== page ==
1. Print Media SA is mindful of the need to protect the consumer and in particular children from exposure to unlawful or undesirable content. Print Media is also fully cognisant of the fact that the right to freedom of expression is not an absolute one. With these very real concerns in mind, Print Media is firmly of the view that the question of unlawful or undesirable content is adequately addressed in a variety of legislative enactments which are detailed on the slide. Thus, there is no necessity for content services to be subject to further regulation under the Convergence Bill.
    2. Print Media will now detail the manner in which content is regulated under the various statutes.

  14. The Constitution - Slide 14
    1. Certain forms of speech are not protected under the Constitution and these forms of speech are listed in the Constitution as -
      1. propaganda for war;
      2. incitement of imminent violence;
      3. advocacy of hatred based on race, ethnicity, gender or religion and that constitutes incitement to cause harm.

    2. To the extent that there are concerns that the provision of online content may violate the right to privacy, these concerns are also covered by the Constitution which guarantees the right to privacy of one’s person, home, property, possessions and communications.
    3. In addition, the Law Commission is currently working on privacy and data protection legislation which when complete will further codify the compliance standards applicable to privacy issues in an electronic environment.

    1. The object of the Promotion of Equality and Prevention of Unfair Discrimination Act is to prevent and prohibit unfair discrimination and harassment and to promote equality.
    2. Of specific application to this discussion is section 10 of the Promotion of Equality and Prevention of Unfair Discrimination Act which prohibits the publication of content which is hurtful, incites harm or which promotes hatred.

    1. The Electronic Communications and Transactions Act provides for important practical and enforcement mechanisms when faced with the difficulties associated with unlawful or undesirable content on the Internet.
    2. Besides detailing the principles applicable to the collection and sale of personal data, this Act also provides for effective mechanisms for the removal of unlawful or undesirable content from websites. In this regard, telecommunication services licensees are required to remove content from the servers hosted by them after having received a take down notice in respect of such content in compliance with the Act.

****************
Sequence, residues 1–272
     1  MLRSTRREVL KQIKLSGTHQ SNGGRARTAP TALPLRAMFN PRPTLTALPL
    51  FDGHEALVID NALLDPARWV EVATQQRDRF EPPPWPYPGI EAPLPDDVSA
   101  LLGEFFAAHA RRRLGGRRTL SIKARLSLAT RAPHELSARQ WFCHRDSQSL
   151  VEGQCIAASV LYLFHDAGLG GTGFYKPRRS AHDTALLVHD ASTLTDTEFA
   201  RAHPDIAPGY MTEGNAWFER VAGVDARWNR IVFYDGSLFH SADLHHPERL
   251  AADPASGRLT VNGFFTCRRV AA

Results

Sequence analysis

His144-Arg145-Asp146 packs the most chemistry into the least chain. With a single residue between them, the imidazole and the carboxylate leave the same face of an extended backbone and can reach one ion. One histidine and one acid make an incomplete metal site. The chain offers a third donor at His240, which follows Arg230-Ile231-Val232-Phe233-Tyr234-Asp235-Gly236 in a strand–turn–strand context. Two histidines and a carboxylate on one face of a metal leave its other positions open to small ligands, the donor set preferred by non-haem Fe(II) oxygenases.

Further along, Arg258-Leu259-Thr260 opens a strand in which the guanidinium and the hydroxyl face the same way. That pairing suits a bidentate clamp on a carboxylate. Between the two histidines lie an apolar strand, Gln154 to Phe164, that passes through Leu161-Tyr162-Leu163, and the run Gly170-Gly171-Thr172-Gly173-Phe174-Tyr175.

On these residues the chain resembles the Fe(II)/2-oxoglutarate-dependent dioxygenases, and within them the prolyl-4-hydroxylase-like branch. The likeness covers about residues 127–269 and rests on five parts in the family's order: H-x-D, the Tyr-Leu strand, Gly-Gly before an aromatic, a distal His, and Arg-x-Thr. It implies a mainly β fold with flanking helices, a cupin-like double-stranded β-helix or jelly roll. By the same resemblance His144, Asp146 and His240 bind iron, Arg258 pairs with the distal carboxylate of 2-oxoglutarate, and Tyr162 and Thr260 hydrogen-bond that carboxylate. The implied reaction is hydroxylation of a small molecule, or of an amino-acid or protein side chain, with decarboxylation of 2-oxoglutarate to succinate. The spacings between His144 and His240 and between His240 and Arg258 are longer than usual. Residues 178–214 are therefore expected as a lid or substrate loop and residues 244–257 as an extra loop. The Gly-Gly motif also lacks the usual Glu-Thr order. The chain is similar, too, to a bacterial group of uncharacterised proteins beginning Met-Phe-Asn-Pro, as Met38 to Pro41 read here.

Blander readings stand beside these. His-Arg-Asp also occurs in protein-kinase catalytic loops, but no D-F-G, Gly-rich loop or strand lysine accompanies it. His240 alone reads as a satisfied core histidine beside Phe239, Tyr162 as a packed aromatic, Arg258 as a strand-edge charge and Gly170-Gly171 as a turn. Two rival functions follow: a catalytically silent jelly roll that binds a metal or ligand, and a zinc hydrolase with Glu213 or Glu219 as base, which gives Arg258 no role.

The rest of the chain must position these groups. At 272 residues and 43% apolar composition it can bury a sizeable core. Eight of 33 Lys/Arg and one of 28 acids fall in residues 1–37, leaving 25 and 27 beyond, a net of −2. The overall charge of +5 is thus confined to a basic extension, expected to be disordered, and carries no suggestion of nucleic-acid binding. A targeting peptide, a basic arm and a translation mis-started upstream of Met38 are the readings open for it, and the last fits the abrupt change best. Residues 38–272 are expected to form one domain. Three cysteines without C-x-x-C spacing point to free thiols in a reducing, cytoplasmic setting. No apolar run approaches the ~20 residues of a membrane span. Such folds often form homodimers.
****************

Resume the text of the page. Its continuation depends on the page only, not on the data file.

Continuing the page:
1. Criminal and other undesirable activity on the Internet will be countered by the operations of new interception legislation, once operational, will provide for the monitoring and interception of communications and the handover of such communications to law enforcement agencies.
    2. In order to give effect to this legislation, telecommunication service licensees will be required to ensure that their systems are capable of intercepting and storing communications and to hand the same over to law enforcement agencies when directed.

  18. FILMS AND PUBLICATIONS ACT 65 OF 1996 – slide 18
    1. The Films and Publications Act is also of application to the Internet and makes it an offence to publish visual presentations of certain forms of pornography on the Internet as well as to distribute content which amounts to hate speech on the Internet.

    1. The National Gambling Act prohibits Internet gambling and the advertising of Internet gambling until such time as a regulatory framework for Internet gambling is put in place.
    2. Aside from all the statutory controls in respect of the publication of unlawful or undesirable content on the Internet, there are also a number of self regulatory options available to individuals. These include rating and labelling services in terms of which websites are required to display age restrictions for usage or any other warnings pertaining to content as well as the use of filtering software to filter out harmful or objectionable content as a means of protecting children on the Internet.

  20. conclusion – slide 20
    1. In conclusion we would like to sum our arguments as follows:
    2. Due to the difficulties associated with the inclusion of "content" and "content services" in the Bill, Print Media requests that all references to "content" and "content services" are removed and that only broadcasting services are made subject to licensing regulation.
    3. Further, to the extent that valid concerns exist with regard to unlawful or undesirable content, we believe, as already discussed, that these concerns are currently catered for in terms of existing legislation. Content should therefore not be regulated by the Convergence Bill.
    4. More importantly any attempt to regulate online content or other information services would seriously undermine the fundamental right to freedom of expression. The right to freedom of expression was a hard won right and forms one of the cornerstones of our proud democracy. Every effort should be made to protect and safeguard this right from unnecessary intrusions.
    5. Print Media once again thanks the honourable chairperson and members of the committee for the opportunity to present our concerns here today and we would be happy to take any questions.